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Entropy 2016, 18(11), 406; doi:10.3390/e18110406

Article
Thermodynamics of Noncommutative Quantum Kerr Black Holes
1
Centro Universitario de la Ciénega, Universidad de Guadalajara, Ocotlán Jalisco 47820, Mexico
2
División de Ciencias e Ingenierías, Campus León, Universidad de Guanajuato, León Guanajuato 37150, Mexico
Current address: Instituto de Ciencias Nucleares, Universidad Nacional Autónoma de México, Mexico City 04510, Mexico
These authors contributed equally to this work.
*
Author to whom correspondence should be addressed.
Academic Editor: David Kubiznak
Received: 21 September 2016 / Accepted: 11 November 2016 / Published: 16 November 2016

Abstract

:
The thermodynamic formalism for rotating black holes, characterized by noncommutative and quantum corrections, is constructed. From a fundamental thermodynamic relation, the equations of state and thermodynamic response functions are explicitly given, and the effect of noncommutativity and quantum correction is discussed. It is shown that the well-known divergence exhibited in specific heat is not removed by any of these corrections. However, regions of thermodynamic stability are affected by noncommutativity, increasing the available states for which some thermodynamic stability conditions are satisfied.
Keywords:
thermodynamics; black hole thermodynamics; noncommutativity

1. Introduction

It is known that the classical thermodynamics formalism can be applied to explore the physical entropy of a black hole, using semiclassical approaches to general relativity. The best known of these approximations was proposed by Bekenstein and Hawking in order to solve the so-called information problem [1,2,3,4]. They found that the area A of the event horizon of black holes, in an asymptotically-flat spacetime, obeys a simple relation, which is the mathematical analogue of the corresponding entropy for a black hole S B H ( B H , Bekenstein–Hawking). The results obtained by Bekenstein and Hawking are supported by quantum field theory in the curved spacetime formalism. This formalism is not able to give a bound for the precision with which distance measurements are made; such a bound presumably must exist, given by the Planck length. One possible way to introduce this bound is by means of the noncommutativity of spacetime. In the context of gravity, noncommutativity is usually introduced using the Seiberg–Witten map, gauging some appropriate group [5]. More recently, a new proposal to introduce an effective noncommutativity was considered, deforming the minisuperspace in cosmological models instead of the spacetime manifold, in such a way that its coordinates do not commute [6]. In this work, the latter formalism will be considered in order to take into account noncommutativity for black holes.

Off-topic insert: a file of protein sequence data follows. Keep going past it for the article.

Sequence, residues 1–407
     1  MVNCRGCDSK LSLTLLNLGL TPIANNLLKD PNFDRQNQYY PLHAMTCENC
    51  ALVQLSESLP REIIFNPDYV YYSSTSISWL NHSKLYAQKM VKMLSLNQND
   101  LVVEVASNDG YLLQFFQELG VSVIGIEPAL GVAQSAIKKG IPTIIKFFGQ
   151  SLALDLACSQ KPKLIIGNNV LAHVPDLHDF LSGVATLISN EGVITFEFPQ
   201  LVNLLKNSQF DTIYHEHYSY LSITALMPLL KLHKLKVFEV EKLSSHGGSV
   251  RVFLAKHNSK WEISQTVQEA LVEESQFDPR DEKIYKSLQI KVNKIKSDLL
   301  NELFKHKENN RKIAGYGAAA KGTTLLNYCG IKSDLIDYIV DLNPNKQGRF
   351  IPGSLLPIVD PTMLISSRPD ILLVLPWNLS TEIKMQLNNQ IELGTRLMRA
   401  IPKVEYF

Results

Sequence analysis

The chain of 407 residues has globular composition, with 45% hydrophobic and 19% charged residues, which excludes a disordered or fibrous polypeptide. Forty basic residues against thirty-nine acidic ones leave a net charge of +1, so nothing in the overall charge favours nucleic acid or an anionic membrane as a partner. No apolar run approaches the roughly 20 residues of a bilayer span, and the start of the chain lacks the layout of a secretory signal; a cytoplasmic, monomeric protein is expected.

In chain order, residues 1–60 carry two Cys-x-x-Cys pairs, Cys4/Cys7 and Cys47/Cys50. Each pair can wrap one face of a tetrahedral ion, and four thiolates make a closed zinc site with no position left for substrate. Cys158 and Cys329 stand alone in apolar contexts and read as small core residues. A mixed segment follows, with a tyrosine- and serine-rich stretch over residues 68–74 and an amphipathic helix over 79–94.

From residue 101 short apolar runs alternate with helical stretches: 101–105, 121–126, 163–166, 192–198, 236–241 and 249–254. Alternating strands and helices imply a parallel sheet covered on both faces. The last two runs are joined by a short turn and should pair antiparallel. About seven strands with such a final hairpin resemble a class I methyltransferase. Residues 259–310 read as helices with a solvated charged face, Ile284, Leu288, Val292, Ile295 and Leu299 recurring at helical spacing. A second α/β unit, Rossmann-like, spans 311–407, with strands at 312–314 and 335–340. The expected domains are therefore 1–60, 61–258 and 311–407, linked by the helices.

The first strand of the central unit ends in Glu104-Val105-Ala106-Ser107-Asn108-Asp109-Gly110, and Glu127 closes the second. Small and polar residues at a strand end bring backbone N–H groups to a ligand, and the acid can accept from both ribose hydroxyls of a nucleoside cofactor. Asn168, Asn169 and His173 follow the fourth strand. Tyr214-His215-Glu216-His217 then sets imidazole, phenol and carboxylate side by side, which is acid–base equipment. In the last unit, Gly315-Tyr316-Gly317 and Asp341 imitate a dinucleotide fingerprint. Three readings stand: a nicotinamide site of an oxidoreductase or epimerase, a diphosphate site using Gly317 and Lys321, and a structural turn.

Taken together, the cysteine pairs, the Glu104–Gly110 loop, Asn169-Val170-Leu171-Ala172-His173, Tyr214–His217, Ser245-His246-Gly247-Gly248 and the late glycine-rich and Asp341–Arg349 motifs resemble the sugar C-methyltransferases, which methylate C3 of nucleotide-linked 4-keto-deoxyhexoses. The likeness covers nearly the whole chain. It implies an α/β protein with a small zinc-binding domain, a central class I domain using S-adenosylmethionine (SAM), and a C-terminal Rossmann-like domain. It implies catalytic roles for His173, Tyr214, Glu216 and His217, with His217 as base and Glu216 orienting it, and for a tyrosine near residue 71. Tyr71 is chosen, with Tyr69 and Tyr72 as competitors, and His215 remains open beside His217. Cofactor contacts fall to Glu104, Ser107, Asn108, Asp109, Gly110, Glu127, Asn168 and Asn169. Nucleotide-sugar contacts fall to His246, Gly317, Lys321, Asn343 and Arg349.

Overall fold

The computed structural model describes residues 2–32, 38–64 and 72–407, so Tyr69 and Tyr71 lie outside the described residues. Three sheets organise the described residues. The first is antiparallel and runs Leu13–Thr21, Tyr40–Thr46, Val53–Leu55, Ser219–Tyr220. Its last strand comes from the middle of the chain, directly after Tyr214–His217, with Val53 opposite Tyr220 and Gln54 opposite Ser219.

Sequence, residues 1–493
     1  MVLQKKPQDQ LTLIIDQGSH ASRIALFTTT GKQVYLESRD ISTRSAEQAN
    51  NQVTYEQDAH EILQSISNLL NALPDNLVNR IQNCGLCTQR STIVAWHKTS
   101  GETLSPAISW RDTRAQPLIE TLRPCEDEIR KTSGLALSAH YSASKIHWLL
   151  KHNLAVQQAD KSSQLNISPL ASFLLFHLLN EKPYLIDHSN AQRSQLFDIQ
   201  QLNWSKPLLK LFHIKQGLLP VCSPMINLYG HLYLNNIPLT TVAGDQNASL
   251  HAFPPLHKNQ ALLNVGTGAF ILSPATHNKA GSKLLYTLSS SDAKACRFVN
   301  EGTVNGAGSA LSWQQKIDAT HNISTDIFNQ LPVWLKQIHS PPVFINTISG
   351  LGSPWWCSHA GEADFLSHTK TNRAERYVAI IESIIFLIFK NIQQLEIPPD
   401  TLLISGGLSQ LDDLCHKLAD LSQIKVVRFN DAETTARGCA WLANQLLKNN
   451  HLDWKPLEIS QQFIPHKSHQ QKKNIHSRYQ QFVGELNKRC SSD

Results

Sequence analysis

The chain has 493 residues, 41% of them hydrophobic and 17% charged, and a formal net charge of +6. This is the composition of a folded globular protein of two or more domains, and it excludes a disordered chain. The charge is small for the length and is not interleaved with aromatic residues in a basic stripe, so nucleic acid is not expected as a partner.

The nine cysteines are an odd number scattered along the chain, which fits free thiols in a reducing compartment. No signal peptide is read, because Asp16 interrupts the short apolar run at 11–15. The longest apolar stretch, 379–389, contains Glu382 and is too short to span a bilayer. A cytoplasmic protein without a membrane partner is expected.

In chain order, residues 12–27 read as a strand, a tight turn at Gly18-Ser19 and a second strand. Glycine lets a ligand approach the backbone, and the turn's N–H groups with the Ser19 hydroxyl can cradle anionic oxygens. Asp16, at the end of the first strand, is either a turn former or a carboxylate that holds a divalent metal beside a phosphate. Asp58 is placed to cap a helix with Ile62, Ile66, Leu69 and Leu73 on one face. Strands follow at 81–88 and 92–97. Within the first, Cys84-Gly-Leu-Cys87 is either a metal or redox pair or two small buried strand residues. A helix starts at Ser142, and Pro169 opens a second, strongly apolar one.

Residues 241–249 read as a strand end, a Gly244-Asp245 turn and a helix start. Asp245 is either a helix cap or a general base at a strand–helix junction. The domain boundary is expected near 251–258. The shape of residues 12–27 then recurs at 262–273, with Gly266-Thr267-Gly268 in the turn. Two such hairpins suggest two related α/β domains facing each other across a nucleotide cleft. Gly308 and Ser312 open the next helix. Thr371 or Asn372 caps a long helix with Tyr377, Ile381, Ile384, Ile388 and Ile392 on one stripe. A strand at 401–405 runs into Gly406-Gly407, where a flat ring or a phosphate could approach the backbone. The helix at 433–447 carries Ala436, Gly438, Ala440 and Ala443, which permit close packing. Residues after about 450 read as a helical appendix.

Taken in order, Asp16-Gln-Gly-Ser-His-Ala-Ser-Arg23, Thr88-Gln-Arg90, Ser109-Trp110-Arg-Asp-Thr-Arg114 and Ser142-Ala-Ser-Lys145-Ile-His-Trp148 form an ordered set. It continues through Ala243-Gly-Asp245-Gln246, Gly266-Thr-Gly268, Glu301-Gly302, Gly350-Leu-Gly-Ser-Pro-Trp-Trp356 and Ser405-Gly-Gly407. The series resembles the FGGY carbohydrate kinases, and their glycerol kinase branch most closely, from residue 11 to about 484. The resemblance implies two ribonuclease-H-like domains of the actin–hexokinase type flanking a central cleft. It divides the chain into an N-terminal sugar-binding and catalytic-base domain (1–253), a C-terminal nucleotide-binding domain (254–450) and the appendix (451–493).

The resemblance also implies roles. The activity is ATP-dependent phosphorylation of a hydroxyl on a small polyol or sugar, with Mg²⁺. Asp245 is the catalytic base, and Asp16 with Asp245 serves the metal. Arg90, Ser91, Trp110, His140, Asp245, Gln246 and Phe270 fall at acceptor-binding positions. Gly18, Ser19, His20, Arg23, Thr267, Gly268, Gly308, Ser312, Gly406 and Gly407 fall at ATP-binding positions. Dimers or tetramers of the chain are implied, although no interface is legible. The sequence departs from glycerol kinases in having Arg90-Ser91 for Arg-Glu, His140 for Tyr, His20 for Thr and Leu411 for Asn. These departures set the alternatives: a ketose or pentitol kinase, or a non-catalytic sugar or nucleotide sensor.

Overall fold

The thermodynamics of black holes has a long history, in particular related to the problem of thermodynamic stability. Since the seminal work of Gibbons and Hawking [7], it is known that this problem can be extended to black holes in non-asymptotically-flat spacetimes. They found that the thermodynamic information of de Sitter black holes exhibits important differences with respect to black holes on an asymptotically-flat spacetime, which was later corroborated in different works [8,9]. They found that such black holes emit radiation with a perfect blackbody spectrum. The temperature of these black holes is determined by their surface gravity, which is the same result obtained for the asymptotically-flat space case. However, in a de Sitter space, a cosmological event horizon also exists, which also emits particles with a temperature proportional to its surface gravity. Therefore, the only way that thermal equilibrium can be achieved is when both surface gravities are equal, which only occurs in a degenerate case of extreme solutions [10,11].